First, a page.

10.Re1  Kicking the can (e4) down the road for one more move.  10.NxN bxN, 11.e4 a5! (with the idea of 12…Ba6!

10…Bd7?!  Black cowardly throws away the advantage.  10…Be7, 10…a5, 10…e5 all give Black an edge.

10.e4??  10.Nc3-e4 was equal.  Now the game is effectively over.

Thursday Round 1

7…0-0?!  7…d6 holds only a tiny edge for White, so it’s a playable position.  During the game, I was fearful of 7…Nxe4?? (fork-trick), 8.Qe2 not realizing that 8…Qe7 simply hangs the knight – probably because in my mind, I was still associating the e4 pawn capture with a fork-trick, but the Black knight no longer controls the d5 square, nor does the Black queen, and it is not a playable move here.

8…Ne8??  After 8…d5, 9.Bd3, White has an interesting tabiya, with lots of potential, and has achieved the goal of the opening.

Another move I was worried about was 8…Nh5, 9.Bg5 (after 9.Be3, the e5 pawn will fall if White castles 0-0) Qe8.  Here I wasn’t sure of this position, but 10.Nd5! puts the question to rest, as after NxBb6, this diagonal is no longer the threat that it was.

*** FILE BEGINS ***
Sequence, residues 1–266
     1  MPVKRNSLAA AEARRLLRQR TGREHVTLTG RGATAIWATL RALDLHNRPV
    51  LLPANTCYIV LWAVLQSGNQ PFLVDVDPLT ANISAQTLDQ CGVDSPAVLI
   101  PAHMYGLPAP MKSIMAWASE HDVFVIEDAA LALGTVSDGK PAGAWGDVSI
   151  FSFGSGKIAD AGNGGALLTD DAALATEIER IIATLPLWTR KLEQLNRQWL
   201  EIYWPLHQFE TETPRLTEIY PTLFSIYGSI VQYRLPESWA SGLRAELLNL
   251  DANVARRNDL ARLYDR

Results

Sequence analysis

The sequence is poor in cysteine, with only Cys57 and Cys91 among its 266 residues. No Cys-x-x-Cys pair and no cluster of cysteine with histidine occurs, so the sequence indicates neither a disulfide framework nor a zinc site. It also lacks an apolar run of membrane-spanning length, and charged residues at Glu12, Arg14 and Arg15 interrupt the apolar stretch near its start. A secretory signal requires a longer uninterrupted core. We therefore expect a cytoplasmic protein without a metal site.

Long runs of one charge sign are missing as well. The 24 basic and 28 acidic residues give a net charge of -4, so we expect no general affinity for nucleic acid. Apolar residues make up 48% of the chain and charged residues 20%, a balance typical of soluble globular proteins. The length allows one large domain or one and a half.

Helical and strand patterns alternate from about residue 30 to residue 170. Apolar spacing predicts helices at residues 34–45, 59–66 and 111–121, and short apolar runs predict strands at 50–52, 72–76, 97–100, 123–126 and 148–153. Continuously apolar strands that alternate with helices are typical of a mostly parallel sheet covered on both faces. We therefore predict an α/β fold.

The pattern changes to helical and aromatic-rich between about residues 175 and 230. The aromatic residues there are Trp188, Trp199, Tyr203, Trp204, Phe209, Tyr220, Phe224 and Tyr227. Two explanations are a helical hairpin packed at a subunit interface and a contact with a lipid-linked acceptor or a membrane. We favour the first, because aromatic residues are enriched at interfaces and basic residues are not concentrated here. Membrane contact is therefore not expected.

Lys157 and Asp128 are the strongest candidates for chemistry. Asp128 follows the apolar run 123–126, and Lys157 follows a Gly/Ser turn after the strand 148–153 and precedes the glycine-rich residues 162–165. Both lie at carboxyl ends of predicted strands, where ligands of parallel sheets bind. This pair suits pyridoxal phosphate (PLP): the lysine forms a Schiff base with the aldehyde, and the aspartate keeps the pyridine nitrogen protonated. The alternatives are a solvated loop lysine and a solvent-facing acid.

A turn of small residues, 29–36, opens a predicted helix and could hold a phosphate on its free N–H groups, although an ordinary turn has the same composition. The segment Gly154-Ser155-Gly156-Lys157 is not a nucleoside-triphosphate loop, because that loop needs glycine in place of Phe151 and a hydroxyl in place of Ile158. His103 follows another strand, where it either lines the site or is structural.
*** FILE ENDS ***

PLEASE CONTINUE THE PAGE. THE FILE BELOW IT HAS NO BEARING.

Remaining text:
After 8…Re8, which she wondered if she should have played, and I had thought she would play (she just seemed to doubt herself, OTB), I noted that 9.Ng5 seemed to be a tactical refutation (it’s +1.1), and that even 9.Bg5 looked hard to fathom (it’s good for Black), Stockfish suggests that 9.0-0 d5, 10.Bb3 is actually much better (1.79), probably because all of the play (the pawn-chain, and pawn-breaks) favors White (Bg5 still looks nasty).

Poor Tara had just played in a Bullet tournament the knight before, and I just knew that this would be the antidote of that, since you can see how in the King’s Gambit Accepted, you are often having to correctly analyze four or five different lines, not simply making a move; and the game, with one mis-step, can easily be over before move ten, as it was here.  The same thing happened on the clock as it did on Tuesday, once I got the winning position I was nearly able to play on the increment, and had 61 minutes at the end, versus Tuesday’s game where I had 60 minutes – you can’t blitz the opening, though.